While Chinese demand for ivory threatens Africa’s elephants, Yunnan’s 300 Asian elephants enjoy the relative shelter of harsh anti-poaching laws and growing public affection. The New York Times’ Andrew Jacobs reports, though, that they face growing friction with locals, and erosion and fragmentation of habitats as rubber farming in the province booms.
Since 1995, when four people were executed by firing squad for killing an elephant, only a handful of domestic elephants have been poached for their tusks, according to the state news media, and not one in the past decade.
“Elephants have it pretty good here because it’s safe and there is plenty to eat,” said Chang Zongbo, a local forestry official. “Once the elephants cross the border from Laos, where hunting is allowed, they never want to go back.”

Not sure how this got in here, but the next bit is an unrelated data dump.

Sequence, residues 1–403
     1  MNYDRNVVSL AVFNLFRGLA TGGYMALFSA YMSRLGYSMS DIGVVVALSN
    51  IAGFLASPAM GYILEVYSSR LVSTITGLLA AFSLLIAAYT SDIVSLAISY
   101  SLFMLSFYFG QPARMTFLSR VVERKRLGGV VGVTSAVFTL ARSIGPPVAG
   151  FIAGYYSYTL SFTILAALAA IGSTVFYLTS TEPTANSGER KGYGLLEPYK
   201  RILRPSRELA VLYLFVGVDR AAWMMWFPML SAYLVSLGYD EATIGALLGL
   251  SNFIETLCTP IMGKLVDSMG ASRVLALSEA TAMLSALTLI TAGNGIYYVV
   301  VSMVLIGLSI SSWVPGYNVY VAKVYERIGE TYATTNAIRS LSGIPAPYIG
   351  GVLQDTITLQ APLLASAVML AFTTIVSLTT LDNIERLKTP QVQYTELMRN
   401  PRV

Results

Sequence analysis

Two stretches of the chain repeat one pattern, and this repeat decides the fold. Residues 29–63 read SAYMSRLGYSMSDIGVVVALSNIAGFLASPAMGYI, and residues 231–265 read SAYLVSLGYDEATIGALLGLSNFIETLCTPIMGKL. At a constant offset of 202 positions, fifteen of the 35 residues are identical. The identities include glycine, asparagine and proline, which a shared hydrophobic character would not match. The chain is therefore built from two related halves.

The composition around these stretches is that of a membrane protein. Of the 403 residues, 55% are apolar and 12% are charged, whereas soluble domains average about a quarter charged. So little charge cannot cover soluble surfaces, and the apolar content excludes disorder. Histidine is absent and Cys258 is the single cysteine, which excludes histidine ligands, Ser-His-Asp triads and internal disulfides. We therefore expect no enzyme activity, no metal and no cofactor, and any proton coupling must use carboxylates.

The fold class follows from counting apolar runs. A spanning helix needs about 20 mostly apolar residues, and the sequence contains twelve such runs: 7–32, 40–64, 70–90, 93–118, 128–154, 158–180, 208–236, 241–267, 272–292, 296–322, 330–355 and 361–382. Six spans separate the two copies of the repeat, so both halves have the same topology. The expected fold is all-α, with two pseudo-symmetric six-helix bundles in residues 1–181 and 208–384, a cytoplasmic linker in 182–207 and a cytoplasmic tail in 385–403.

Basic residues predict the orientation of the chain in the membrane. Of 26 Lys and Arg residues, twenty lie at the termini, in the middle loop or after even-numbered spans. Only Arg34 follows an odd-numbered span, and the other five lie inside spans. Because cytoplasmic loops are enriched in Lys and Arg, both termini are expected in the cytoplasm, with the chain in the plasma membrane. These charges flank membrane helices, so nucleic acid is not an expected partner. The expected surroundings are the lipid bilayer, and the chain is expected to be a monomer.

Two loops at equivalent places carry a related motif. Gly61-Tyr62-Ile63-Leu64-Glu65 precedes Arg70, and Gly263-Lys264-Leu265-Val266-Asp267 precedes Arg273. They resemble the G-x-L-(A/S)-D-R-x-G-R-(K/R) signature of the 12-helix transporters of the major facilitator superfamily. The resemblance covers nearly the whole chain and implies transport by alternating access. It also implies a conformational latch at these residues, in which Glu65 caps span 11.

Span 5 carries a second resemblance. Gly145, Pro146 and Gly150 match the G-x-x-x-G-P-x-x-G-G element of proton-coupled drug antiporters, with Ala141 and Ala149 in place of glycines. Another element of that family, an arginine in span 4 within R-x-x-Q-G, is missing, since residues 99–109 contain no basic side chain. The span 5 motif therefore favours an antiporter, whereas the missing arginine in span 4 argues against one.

[…] With Yunnan’s forests rapidly giving way to rubber and other cash crops, the country’s half-dozen or so elephant families have become marooned in disconnected preserves. Zoologists say the inability to breed with other herds threatens the elephants’ genetic diversity, leaving them vulnerable to disease.
At the same time, the region’s growing human population has led to a surge in conflicts between man and beast, some fatal. Over the past four years, three people have been trampled to death and a dozen injured in Yunnan by marauding elephants, many of which have become accustomed to grazing on the sugar cane, rice and pineapples planted by local villagers. [Source]
Elsewhere at the Times, Shaojie Huang reports a recent decision to allow prison sentences of ten or years or even longer for those caught eating endangered animals like pangolins. As with ivory trafficking, however, the exceptions provided by an “absurd” licensing system are likely to undermine enforcement.